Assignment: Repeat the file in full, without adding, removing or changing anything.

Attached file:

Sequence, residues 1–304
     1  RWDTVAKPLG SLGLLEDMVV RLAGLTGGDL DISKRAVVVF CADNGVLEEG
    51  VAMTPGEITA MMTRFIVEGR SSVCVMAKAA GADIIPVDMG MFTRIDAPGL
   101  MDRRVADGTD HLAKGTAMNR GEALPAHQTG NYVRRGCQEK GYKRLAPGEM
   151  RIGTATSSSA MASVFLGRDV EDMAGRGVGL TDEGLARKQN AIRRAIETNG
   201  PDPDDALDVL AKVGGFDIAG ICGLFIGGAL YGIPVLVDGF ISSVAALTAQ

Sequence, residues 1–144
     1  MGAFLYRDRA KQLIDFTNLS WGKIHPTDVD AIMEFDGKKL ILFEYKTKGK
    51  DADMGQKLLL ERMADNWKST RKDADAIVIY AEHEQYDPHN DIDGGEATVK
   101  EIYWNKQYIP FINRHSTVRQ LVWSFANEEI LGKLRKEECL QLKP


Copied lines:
Sequence, residues 1–304
     1  RWDTVAKPLG SLGLLEDMVV RLAGLTGGDL DISKRAVVVF CADNGVLEEG
    51  VAMTPGEITA MMTRFIVEGR SSVCVMAKAA GADIIPVDMG MFTRIDAPGL
   101  MDRRVADGTD HLAKGTAMNR GEALPAHQTG NYVRRGCQEK GYKRLAPGEM
   151  RIGTATSSSA MASVFLGRDV EDMAGRGVGL TDEGLARKQN AIRRAIETNG
   201  PDPDDALDVL AKVGGFDIAG ICGLFIGGAL YGIPVLVDGF ISSVAALTAQ

Sequence, residues 1–144
     1  MGAFLYRDRA KQLIDFTNLS WGKIHPTDVD AIMEFDGKKL ILFEYKTKGK
    51  DADMGQKLLL ERMADNWKST RKDADAIVIY AEHEQYDPHN DIDGGEATVK
   101  EIYWNKQYIP FINRHSTVRQ LVWSFANEEI LGKLRKEECL QLKP